Driving seems to be the way to get around Iceland. We found the options for public transportation to be lacking, especially in further to reach destinations, so to get where we wanted to go, we knew we needed to drive.
Things to should know about getting gas in Iceland.
1. Most Gas Stations are Self Service
Many of the gas stations you’ll pass are actually pretty small and very self service. If you are unsure of how to pump your own gas than perhaps you might have some issues. Thankfully doing so is pretty straightforward, just be sure to use the right fuel for your car (otherwise it could be a rather disaster). Some of the larger stations do offer full service which in some cases is a big plus (especially if the weather is terrible)
2. For the Self Service, Chip & Pin is Required
If you are European this is probably not a big deal. But if you are American like I am, than this is potentially a big problem. As most Americans don’t have chip & pin available to them (if you have a chip it’s almost universally chip & sign). So what to do? You should call your credit card company and see if you can get a pin assigned to your card. Some of the better credit cards (particularly travel cards with no foreign transaction fees will sometimes allow you to get one in relation to foreign travel). Still having an issue? A bank ATM/Debit card with a pin can also work as well although certainly not my first choice security wise)
3. You can use pre-paid Cards
For those without chip & pin you can buy pre-paid cards that will work on the pumps. We had to do this on a few occasions when we really needed gas and our cards did not work. Honestly this is not the most recommended option. You can save the cards to use on another gas station however which is a plus but also a pain to feel the need to lock up money into a pre-paid card.
4. Who Owns the Pumps?
One of the biggest issues we noticed that if we had an issue with the pump (or an issue paying or getting authorization), that the pumps and the stores next to them are not associated with them. This tends to be more of an issue in smaller locations in smaller towns such as along the golden circle.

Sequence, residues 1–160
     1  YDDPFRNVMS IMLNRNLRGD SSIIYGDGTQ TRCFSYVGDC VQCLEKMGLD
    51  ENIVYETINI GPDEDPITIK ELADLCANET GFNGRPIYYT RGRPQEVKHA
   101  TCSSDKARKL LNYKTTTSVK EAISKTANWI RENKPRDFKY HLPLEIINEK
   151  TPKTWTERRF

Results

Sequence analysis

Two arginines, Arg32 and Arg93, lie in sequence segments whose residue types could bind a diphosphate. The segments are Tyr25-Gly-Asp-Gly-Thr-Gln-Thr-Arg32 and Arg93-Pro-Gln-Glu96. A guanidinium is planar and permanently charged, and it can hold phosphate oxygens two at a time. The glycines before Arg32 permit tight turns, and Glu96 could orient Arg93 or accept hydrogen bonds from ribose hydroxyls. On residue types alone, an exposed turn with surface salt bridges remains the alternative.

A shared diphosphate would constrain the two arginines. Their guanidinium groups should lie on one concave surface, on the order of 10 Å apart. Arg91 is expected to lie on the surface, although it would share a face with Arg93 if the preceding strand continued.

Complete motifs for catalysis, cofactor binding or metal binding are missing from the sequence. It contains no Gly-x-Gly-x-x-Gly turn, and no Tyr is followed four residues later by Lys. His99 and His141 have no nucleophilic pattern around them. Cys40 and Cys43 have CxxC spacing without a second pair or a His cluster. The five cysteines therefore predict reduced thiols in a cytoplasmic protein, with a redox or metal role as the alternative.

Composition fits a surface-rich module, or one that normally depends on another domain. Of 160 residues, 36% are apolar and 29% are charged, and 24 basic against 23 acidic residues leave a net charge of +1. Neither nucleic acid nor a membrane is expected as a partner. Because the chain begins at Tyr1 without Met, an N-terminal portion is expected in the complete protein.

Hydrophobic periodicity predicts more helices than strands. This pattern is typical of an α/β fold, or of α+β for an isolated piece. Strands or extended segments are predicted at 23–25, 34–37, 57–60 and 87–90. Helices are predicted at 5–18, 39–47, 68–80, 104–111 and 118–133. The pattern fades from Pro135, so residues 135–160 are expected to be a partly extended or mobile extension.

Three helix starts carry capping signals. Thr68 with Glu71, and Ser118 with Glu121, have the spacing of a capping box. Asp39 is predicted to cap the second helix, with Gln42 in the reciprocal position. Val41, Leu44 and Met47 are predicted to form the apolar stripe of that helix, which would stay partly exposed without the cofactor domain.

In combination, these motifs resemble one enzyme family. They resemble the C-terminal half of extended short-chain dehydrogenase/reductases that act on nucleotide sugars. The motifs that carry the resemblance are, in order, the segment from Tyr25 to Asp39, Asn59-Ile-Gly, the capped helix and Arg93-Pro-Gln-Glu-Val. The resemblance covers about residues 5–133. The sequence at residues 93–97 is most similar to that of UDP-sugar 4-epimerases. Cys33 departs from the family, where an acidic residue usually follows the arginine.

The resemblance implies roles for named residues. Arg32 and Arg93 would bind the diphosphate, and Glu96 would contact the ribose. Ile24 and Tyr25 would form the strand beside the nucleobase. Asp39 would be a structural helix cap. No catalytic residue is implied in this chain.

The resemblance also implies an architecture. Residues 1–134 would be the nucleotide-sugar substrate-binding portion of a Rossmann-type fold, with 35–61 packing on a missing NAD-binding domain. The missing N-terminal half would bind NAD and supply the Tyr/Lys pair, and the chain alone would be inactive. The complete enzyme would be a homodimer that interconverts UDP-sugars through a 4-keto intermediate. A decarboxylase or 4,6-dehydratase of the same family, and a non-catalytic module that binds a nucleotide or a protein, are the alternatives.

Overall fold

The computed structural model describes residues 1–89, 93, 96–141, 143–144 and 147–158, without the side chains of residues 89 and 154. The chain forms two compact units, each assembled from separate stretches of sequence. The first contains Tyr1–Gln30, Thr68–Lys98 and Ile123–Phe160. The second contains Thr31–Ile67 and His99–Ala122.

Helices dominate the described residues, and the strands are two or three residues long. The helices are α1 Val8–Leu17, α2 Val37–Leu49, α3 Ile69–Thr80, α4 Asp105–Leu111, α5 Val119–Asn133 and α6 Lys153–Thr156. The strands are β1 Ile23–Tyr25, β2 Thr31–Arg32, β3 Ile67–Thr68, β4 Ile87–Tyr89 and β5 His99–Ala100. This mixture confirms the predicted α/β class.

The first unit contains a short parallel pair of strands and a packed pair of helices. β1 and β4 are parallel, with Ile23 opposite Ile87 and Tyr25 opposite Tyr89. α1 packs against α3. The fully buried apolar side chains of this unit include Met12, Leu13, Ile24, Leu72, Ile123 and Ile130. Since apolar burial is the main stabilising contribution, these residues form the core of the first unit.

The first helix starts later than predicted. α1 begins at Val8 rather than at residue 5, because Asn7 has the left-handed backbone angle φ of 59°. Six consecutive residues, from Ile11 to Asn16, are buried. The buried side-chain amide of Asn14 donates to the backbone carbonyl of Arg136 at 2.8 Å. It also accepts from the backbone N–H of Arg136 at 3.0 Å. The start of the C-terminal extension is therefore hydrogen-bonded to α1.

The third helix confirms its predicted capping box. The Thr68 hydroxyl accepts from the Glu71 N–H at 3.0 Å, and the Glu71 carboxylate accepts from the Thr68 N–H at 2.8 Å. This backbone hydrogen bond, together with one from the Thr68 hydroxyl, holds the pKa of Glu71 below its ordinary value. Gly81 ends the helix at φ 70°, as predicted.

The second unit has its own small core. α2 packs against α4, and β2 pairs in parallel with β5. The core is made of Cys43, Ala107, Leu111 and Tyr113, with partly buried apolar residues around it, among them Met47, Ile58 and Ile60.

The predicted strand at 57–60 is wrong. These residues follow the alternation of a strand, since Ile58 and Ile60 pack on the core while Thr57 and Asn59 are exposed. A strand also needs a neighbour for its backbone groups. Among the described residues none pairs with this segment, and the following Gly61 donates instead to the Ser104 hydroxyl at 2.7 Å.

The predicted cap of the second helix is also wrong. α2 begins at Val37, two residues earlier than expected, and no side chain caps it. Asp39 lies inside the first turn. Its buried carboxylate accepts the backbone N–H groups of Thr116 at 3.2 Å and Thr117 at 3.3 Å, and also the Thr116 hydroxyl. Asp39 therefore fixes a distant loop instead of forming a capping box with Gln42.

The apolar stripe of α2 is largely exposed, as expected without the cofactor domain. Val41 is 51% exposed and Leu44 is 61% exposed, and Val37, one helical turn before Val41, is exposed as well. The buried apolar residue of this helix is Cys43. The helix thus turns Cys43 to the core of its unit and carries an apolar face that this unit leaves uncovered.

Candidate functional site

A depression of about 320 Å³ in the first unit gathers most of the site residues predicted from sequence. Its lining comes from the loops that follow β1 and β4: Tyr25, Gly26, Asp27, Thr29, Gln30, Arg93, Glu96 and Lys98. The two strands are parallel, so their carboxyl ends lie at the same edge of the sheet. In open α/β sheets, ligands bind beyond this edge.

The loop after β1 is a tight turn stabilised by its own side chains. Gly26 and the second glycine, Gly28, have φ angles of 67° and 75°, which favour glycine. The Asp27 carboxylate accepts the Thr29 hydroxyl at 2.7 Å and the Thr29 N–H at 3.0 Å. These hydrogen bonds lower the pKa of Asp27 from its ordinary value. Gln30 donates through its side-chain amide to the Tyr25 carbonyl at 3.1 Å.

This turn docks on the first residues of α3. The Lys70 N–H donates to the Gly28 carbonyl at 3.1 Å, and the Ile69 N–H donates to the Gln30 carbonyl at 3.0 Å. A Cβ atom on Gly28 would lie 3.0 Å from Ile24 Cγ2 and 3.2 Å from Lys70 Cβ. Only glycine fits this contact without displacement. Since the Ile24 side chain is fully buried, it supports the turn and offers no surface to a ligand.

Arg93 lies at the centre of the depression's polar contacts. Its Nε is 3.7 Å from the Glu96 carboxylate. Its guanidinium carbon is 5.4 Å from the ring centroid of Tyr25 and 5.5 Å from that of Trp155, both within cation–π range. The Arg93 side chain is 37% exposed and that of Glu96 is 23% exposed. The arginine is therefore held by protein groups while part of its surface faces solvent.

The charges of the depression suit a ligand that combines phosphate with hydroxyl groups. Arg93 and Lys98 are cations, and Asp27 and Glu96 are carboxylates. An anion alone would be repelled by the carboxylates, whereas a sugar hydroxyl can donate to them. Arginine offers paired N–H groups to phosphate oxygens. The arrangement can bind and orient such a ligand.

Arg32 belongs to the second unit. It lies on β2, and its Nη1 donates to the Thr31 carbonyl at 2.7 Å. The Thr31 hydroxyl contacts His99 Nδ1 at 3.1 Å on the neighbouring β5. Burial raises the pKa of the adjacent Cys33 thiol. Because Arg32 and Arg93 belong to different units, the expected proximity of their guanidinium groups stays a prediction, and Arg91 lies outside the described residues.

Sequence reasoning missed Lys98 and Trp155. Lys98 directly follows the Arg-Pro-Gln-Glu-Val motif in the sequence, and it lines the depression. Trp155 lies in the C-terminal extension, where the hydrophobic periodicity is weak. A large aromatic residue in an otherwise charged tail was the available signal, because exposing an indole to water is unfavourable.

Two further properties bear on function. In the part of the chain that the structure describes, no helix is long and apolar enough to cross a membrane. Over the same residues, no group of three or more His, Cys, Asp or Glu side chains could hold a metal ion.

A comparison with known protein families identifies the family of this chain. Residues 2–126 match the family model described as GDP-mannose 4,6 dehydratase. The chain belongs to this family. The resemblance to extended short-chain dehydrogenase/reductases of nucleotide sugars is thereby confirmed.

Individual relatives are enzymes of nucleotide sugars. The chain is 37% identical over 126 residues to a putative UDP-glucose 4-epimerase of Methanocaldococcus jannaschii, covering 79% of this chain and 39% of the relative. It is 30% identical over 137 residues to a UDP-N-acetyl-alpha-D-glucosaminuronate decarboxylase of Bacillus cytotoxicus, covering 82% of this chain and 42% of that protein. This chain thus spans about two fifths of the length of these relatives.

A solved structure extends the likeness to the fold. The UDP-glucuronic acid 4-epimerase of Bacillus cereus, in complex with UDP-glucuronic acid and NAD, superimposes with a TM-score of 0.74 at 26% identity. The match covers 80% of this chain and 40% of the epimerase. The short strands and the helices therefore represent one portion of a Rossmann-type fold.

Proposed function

5. Fill up when you can if you are not near a city
I used to have a travel habit of always using the bathroom whenever you find one, especially when out traveling. Filling up for gas is pretty much the same thing. Outside of the cities, distances between towns (and between gas stations) can be large, so be sure to keep a keen eye on your gas gauge and fill up even if you think you might be “ok” for a bit longer. Better safe than sorry.
6. Gas (like everything else) is expensive in Iceland
Gas in Iceland is certainly not cheap. And that is something that needs to be factored heavily into your travel requirements. Trying to rent a fuel efficient car is definitely recommended (depending on where you plan to drive). Remember that there are a lot of unpaved roads and hard to navigate roads in Iceland that require (or are recommended) a 4WD vehicle. We would that gas in Iceland hovers around $7 USD (~830 ISK) a gallon (~ 1.8 USD (~214 ISK) a liter.
Gas Stations in Iceland
There are several gas station companies in Iceland. N1 is definitely the most prolific of the stations around the island. Several of the N1 stations are larger stations with food options as well at the station (we stopped at one with a Quiznos after a really late northern lights viewing)
Gas Station Companies
* * * * * *
Have you traveled to Iceland? Any other gas purchase advice for driving in this country? Let us know either through email or comments!